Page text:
As of late I have mostly been researching, researching, researching for our little brown bat project (Myotis lucifungus).  I am used to monitoring things that don’t move (or don’t move fast) i.e. plants so these batty guys are new to me.  I’ve been reading a lot about bats, wildlife monitoring study design, echolocation, occupancy modeling etc. and chatting with many bat experts.  Hopefully all this information will be put to good use this summer.

There are a few opportunities for field work before “break-up” and one of those is moose surveys.  This Friday I will be taking off to go to Bettles, AK for the week.  There we will be flying transects over Gates of the Arctic National Park looking for moose.  The survey uses what is called the Geospatial Population Estimator (GSPE) method.  Basically, GSPE uses spatial correlation in moose populations to increase precision and flexibility in survey methods.  A certain number of sample grids from a study area are selected and transects are flown over them.  The spatial correlation among these samples is calculated and this relationship is modeled as a function of distance.  This model can them be used to predict moose densities in un-sampled areas.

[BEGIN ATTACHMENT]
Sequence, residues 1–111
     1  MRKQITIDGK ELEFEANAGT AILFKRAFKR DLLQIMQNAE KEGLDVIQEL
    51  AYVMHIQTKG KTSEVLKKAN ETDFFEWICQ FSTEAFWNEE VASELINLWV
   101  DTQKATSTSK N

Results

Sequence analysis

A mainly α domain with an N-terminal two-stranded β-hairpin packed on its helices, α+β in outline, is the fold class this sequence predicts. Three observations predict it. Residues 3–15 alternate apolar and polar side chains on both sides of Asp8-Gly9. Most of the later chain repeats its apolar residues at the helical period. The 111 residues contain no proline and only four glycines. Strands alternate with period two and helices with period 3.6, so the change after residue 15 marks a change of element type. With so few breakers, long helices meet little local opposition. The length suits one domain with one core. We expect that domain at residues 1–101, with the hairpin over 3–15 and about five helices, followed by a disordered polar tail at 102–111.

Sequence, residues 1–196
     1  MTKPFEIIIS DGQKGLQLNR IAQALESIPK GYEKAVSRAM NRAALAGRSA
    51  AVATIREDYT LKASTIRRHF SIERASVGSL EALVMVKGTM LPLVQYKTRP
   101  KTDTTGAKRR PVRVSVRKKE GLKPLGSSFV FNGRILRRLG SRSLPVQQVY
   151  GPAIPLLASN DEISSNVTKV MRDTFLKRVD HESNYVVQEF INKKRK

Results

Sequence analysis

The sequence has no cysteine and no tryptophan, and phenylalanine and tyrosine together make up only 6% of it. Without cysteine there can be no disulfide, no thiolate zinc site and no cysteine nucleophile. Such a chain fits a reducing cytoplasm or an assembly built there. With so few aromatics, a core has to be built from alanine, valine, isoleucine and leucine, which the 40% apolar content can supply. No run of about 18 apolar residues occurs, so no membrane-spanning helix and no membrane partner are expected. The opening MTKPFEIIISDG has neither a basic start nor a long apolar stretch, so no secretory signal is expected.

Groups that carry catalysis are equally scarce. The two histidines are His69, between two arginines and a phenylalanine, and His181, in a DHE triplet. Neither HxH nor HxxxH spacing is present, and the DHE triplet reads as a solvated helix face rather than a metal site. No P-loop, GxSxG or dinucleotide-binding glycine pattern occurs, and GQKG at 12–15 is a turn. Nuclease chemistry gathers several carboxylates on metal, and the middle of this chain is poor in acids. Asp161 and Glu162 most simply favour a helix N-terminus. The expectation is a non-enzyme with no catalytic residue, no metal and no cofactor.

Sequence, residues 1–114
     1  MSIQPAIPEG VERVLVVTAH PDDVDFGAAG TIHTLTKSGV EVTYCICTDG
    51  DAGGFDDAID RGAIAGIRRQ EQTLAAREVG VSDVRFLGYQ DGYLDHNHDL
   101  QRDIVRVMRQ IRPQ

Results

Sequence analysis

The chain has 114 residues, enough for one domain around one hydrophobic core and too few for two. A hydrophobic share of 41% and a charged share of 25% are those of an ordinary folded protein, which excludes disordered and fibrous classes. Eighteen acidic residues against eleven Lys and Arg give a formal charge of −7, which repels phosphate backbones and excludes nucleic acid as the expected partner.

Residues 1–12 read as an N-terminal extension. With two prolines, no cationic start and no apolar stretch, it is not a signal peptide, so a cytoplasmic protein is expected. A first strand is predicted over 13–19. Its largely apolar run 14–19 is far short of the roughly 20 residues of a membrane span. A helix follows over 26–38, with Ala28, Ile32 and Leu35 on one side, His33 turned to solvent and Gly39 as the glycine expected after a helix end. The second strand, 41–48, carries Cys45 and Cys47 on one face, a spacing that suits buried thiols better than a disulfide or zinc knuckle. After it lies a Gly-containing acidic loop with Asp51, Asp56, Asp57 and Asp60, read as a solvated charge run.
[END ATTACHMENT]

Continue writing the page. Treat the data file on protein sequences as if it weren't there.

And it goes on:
Usually, less intensive stratification flights are done before the actual survey to identify areas of high and low moose density.  More survey effort is then dedicated to the high moose density stratum.

Here is a dizzying depiction of contour transects flown in mountainous terrain.


In other news, snow in Fairbanks allowed for two delightful winter activities these past weeks.  First, a lovely ski trip to Tolovana Hot Springs with Anchorage friends including CLM counterpart Charlotte and former CLM counterpart Bonnie!  And secondly, the IDITAROD!  Moved to Fairbanks for only the second time in history due to lack of snow in Anchorage.  A few choice pictures of both below.


Fairbanks, AK


Views from the way up–Tolovana Hot Springs trail


Home sweet home


Views from the hot springs–not too shabby


Lance Mackey and the Ninjas


No one would give me a ride to Nome…



“April Come She Will”

With pictures of summer field work adorning my cubicle walls to guide the way, I hunker down in my office planning away for projects to come.